Prince Charles” detox food dubbed ”outright quackery” by scientistMarch 11th, 2009 - 2:39 pm ICT by ANI
London, Mar 11 (ANI): Prince Charles has been accused of ”financially exploiting the gullible” with his herbal detox tincture of globe artichoke and dandelion produced by his company Duchy Originals.
Prof Ezard Ernst, from Peninsula Medical School, who has dismissed the herbal mixture as ”quackery”, claims that the Prince of Wales is exploiting people at a time hardship, and dubbed the company as ”Dodgy Originals”.
The scientific community has been criticising the method of detoxing as it lacked credible evidence, but Prince Charles on the other hand is a strong supporter of the complementary therapies and alternative medicine and has even called for wider access to the treatments on the NHS.
His brand, Duchy Originals, has produced a range of herbal preparations including the Detox Artichoke and Dandelion Tincture, which is sold for 10 pounds for 50ml in Boots and Waitrose.
“Prince Charles contributes to the ill health of the nation by pretending we can all overindulge, then take his tincture and be fine again,” the Telegraph quoted Prof Ernst, the first professor of complementary medicine in the UK, as saying.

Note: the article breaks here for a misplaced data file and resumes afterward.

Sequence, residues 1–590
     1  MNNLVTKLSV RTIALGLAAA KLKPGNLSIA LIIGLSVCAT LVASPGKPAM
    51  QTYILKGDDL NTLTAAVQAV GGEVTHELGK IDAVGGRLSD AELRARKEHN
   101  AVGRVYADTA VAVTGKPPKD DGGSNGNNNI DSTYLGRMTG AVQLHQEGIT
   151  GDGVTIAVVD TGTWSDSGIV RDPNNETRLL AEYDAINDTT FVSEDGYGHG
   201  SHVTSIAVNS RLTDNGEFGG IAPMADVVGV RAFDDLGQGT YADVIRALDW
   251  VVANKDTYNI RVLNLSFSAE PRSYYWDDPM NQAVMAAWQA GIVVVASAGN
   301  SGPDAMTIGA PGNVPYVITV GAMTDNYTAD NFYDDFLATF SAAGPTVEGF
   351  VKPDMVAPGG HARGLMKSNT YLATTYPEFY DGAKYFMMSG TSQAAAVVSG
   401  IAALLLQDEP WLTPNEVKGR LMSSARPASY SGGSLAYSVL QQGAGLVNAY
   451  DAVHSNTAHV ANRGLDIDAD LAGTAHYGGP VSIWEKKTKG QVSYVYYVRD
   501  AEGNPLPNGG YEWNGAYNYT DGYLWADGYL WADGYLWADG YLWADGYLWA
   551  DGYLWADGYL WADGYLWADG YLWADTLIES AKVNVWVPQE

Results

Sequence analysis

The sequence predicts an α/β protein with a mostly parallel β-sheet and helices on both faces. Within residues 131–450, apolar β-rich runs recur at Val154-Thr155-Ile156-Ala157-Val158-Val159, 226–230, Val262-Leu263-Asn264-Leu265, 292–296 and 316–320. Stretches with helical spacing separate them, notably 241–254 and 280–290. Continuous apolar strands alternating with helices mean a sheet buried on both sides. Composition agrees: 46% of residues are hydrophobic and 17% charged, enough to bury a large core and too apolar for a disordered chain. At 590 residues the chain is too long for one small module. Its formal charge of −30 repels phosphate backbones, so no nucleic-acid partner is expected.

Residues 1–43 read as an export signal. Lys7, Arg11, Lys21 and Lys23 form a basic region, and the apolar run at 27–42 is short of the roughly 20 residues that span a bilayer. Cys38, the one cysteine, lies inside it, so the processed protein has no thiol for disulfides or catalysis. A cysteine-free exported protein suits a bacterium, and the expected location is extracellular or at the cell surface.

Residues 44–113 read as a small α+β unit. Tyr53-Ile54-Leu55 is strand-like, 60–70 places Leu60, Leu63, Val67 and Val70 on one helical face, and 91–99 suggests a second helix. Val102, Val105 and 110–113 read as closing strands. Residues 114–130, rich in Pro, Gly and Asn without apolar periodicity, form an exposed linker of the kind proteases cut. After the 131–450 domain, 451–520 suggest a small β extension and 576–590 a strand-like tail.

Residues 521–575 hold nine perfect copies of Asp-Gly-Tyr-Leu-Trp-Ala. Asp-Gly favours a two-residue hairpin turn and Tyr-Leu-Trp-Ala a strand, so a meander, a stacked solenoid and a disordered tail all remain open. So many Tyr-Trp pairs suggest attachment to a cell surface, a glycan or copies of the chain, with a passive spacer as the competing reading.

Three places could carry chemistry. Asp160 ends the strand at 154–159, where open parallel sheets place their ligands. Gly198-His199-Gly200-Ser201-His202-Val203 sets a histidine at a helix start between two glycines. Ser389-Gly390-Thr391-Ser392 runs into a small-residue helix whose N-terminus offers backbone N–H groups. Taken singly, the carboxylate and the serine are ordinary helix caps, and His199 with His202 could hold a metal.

“Under the banner of holistic and integrative health care he thus promotes a ”quick fix” and outright quackery,” he stated.
He said detox is based on the idea that toxins accumulate in the body until it becomes overloaded and that certain products can speed up the elimination of these substances.
“The body has a powerful mechanism to deal with itself and there’’s no evidence that dandelion or artichoke will improve these functions,” he said.
“If a patient has a diseased kidney and cannot eliminate toxins via their kidney, then they need serious medical help.
“Products like this are a dangerous waste of money.
“Charles is exploiting people during hard times,” he added.
A spokesman for Duchy Originals has defended its product saying that it is safe.
“Duchy Herbals Detox Tincture is an excellent and safe product, traded as a food supplement and compliant with all of the relevant sections of both UK and European food laws,” he said.
“It is a natural aid to digestion and supports the body’’s natural elimination processes. It is not - and has never been described as - a medicine, remedy or cure for any disease.
“There is no ”quackery”, no ”make believe” and no ‘’superstition” in any of the Duchy Originals herbal tinctures. We find it unfortunate that Professor Ernst should chase sensationalist headlines in this way rather than concentrating on accuracy and objectivity,” he added. (ANI)
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